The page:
Adding a spin to moves, combinations and routines can make even the most simple shapes look stunning! It adds a certain flair and creates dynamic movement.

To Spin, Or Not To Spin

Being able to spin whilst in the hoop or silks is an important skill if you're performing or competing. It means you can hold a beautiful move and the audience or judges (or instagram!) can see every angle, this can be the difference between seeing a gorgeous shape and staring at someones crotch! You can tailor the speed of your spin to your music to emphasise points in the music and help add to the mood of your performance. You can use a lovely, slow spin with a flowy piece of music, or a quick, dynamic spin with more dramatic music. Having your apparatus on a spin means you will be able to hold a move for longer, rather than feeling like you need to jump from one move to another to keep the audience engaged.

If you're not performing or competing, learning to create and control a spin is a really useful skill to have. Filming yourself during your practise will help you see exactly what your body is doing, this is handy if you're learning new moves and something doesn't feel quite right, and it's so much easier when you're on a slow spin! The same principle applies for if you want to look in the mirror to check your lines while you're in a move, when you're in a slow spin you can just wait until you're at the right angle rather than trying to twist round to see the mirror or waiting for an instructor to turn you! If you're on your own and want to get pictures of a move, you can create a slow spin to get a screenshot of every angle, this technique is also useful for working out the best angle for photoshoot pictures!


A smooth spin starts with a good swivel! A swivel is attached between two carabiners and will enable the hoop or silks to spin.
The best swivels for aerial are lightweight, so it doesn't add too much weight to your rigging. It should be small so it doesn't add too much length to your rigging. It obviously needs to be strong so it won't break while you're up in the air! Your rigging is only as strong as the weakest point, your swivel should be as safe as the rest of your equipment. And it should be well made so it has a smooth spin and won't start juddering or sticking while you're spinning.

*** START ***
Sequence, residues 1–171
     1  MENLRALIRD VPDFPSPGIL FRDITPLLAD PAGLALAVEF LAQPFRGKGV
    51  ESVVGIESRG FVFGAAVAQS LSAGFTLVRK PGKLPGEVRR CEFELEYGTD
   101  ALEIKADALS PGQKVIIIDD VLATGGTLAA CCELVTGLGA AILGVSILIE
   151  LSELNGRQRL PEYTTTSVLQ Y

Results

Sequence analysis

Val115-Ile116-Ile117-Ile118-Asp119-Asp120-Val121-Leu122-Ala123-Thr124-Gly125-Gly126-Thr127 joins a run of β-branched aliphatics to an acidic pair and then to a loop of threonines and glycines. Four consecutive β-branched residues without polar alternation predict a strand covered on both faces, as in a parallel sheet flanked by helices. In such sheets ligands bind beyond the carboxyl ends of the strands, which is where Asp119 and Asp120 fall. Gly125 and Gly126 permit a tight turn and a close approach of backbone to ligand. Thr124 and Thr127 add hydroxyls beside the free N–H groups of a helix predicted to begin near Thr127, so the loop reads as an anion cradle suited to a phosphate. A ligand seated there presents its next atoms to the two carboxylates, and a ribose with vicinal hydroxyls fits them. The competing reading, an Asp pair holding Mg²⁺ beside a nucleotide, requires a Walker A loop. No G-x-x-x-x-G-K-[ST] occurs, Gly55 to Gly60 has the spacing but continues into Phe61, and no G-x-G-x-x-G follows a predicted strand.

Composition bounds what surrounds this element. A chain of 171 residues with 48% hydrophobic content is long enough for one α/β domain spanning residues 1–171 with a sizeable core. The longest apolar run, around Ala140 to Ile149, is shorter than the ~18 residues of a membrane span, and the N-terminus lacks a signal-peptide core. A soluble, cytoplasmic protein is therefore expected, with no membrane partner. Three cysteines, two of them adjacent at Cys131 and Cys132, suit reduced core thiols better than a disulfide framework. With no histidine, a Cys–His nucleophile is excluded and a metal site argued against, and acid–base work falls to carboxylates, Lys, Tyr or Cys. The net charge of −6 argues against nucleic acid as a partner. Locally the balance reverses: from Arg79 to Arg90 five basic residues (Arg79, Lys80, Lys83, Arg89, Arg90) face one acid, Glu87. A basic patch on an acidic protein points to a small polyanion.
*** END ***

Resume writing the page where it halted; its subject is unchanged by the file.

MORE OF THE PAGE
The new Prodigy Aerial Swivel from Firetoys is one of the best and won't break the bank! It is small, only adding 7cm to your rigging, lightweight at only 74g and super strong with an MBS of 30kN! The two parts of the body are machined aluminium and the core section and ball bearings are stainless steel, perfect for a smooth spin!
It's important that any aerial equipment you buy is from a reputable, trusted company that is recommended by other aerialists. When you're upside down and relatively high, good quality equipment and poor quality equipment could literally be the difference between life and death! This swivel (and all my other aerial equipment) is from Firetoys, you can use my discount code uniqueaerialists for 10% discount!

Creating a Spin On The Hoop

To create a spin on the hoop, start by standing directly underneath your rigging point. If you start by standing slightly to the side then your hoop will swing from side to side or around in a big circle, instead of spinning under one point. You can hold the hoop with either one hand in the middle of the top bar or both hands equal distance from the middle of the top bar. Keep one foot underneath you and move your other foot out to the side, or move both feet out to the side (shown in the below tutorial). Wherever you place your feet, you need a straight line from your rigging point, through your hand(s), chest and hips.